There is a link in the text file that comes with the download that sends you to the Jeepaholics forum, where they give you a in depth description of how to figure that out. Is pretty involved, but an interesting read

My Tinkering and wheeling thread http://tinyurl.com/pbwdm5u
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post #13 of 27 Old 12-16-2011, 07:41 AM
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Quote:
Originally Posted by aw12345

There is a link in the text file that comes with the download that sends you to the Jeepaholics forum, where they give you a in depth description of how to figure that out. Is pretty involved, but an interesting read
I must have skimmed over that post.

Very interesting indeed. Maybe its just his abbreviations, but that seems overly complicated. I just had a Statics class and learned all about CoG, it didn't seem nearly as involved. Of course breaking things down to linear components for calculation simplicity ends up taking more calculations.

*edit*
Just took a look at the spreadsheet. Wow that's easy. Now I need a place with a scale willing to deal with these shinanigans.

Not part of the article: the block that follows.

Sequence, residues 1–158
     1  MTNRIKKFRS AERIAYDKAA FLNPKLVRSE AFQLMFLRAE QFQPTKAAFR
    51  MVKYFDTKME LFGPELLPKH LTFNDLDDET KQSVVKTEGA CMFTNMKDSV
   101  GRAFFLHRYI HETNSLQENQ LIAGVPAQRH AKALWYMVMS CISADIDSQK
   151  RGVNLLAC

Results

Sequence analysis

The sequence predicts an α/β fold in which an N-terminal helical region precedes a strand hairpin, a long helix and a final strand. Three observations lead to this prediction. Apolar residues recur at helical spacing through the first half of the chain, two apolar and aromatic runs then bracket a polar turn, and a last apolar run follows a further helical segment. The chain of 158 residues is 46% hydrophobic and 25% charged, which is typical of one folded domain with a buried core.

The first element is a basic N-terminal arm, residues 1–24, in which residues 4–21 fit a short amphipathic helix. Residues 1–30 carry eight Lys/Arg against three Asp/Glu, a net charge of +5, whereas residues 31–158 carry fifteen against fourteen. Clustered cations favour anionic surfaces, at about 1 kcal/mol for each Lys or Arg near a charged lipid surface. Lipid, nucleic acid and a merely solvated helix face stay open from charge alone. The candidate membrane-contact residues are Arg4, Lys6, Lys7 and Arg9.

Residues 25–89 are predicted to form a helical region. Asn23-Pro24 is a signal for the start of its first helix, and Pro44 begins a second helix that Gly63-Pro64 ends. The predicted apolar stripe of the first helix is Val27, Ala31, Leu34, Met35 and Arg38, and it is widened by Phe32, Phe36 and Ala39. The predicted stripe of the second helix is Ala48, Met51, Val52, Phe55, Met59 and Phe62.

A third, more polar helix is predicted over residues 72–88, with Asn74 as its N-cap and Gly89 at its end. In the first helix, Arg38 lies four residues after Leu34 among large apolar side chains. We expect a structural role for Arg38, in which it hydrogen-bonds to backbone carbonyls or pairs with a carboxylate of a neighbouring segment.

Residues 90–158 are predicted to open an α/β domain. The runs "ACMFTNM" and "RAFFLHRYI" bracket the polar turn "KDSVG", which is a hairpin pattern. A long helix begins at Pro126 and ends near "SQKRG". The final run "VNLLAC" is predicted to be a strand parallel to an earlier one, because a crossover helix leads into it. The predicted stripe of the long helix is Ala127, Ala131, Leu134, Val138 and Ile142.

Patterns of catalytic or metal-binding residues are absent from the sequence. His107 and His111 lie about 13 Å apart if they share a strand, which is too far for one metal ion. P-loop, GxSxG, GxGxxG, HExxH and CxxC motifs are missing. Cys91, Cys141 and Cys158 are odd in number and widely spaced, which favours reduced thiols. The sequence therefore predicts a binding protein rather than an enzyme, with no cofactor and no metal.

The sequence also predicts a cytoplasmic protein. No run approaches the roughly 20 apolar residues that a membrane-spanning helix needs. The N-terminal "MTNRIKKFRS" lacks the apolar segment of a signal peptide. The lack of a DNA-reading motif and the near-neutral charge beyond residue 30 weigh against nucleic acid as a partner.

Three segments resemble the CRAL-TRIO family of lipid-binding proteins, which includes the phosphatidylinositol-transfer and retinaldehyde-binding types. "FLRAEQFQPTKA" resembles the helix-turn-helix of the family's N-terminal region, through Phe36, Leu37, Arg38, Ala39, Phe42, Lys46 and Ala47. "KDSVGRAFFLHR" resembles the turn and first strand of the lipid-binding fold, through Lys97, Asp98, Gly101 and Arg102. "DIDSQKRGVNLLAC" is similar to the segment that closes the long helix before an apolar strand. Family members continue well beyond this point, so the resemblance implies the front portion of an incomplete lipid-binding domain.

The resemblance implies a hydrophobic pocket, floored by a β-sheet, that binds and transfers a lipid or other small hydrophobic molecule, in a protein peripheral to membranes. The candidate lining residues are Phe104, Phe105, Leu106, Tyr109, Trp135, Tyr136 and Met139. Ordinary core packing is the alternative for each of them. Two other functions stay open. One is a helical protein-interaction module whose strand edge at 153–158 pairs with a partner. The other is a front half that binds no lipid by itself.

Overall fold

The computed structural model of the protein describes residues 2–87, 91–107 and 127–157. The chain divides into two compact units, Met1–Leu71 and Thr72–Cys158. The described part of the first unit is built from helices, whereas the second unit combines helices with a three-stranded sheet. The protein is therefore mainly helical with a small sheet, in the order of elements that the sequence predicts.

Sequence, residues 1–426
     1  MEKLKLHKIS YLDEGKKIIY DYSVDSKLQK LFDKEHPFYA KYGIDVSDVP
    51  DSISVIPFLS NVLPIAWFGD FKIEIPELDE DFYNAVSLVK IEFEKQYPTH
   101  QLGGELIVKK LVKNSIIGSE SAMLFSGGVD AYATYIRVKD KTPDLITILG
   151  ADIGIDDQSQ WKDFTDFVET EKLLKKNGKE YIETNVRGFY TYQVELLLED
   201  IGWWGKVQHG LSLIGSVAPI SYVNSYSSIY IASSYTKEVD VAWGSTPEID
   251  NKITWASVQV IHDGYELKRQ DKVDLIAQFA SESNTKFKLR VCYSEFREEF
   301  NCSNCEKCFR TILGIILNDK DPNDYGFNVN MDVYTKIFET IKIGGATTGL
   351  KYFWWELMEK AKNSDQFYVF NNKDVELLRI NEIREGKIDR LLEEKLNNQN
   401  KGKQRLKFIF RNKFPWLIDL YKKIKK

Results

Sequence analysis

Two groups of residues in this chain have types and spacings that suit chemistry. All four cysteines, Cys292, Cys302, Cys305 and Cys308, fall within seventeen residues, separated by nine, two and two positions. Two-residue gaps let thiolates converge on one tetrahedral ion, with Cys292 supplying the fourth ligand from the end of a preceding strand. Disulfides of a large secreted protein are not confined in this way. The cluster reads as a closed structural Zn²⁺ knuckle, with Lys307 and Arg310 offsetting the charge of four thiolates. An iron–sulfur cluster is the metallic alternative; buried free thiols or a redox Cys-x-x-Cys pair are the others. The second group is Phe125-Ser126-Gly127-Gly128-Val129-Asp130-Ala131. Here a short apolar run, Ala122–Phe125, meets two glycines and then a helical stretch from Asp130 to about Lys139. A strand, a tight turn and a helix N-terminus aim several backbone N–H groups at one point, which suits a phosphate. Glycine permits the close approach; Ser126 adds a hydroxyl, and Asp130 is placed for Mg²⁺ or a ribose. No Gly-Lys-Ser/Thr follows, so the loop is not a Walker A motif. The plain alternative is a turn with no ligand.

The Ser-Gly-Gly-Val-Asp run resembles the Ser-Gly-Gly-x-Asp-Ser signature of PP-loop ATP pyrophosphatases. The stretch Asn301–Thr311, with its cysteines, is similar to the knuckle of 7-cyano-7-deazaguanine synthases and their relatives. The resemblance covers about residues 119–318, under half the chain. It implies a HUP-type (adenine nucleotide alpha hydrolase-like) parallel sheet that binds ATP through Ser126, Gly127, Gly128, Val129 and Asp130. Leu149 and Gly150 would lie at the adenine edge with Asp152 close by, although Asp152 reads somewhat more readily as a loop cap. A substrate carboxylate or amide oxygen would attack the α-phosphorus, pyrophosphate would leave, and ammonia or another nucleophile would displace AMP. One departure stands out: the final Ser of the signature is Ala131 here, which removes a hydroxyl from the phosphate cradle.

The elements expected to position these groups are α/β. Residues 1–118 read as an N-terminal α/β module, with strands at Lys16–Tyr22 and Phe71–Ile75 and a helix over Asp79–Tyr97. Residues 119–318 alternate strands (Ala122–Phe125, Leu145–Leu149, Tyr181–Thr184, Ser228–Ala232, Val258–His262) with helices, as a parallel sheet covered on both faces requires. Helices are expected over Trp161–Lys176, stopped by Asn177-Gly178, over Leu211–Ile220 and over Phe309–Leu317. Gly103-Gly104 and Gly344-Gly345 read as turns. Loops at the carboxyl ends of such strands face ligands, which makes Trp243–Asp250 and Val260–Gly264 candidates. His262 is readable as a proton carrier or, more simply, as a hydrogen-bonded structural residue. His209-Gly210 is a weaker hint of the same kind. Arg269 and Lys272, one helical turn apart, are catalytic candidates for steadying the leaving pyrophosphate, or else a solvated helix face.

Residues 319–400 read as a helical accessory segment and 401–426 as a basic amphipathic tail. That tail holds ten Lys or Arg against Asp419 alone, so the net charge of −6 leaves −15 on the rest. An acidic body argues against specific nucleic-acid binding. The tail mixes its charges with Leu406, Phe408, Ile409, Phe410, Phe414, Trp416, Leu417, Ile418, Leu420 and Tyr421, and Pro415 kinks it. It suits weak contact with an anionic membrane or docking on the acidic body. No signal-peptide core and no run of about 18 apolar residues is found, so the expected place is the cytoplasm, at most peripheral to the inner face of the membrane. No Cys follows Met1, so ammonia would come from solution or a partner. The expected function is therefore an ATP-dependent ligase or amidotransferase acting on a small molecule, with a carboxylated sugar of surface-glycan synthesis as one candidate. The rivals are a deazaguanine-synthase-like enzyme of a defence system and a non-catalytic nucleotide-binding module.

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post #14 of 27 Old 12-17-2011, 05:56 PM
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So does "forward from rear axle centerline" mean from the center of the axle and axle tube (near pumkin) or straight forward from the center of the axle tube?
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post #15 of 27 Old 12-17-2011, 06:21 PM
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Quote:
Originally Posted by MurdaJs
So does "forward from rear axle centerline" mean from the center of the axle and axle tube (near pumkin) or straight forward from the center of the axle tube?
Looking at it from the side, like its a 2D object.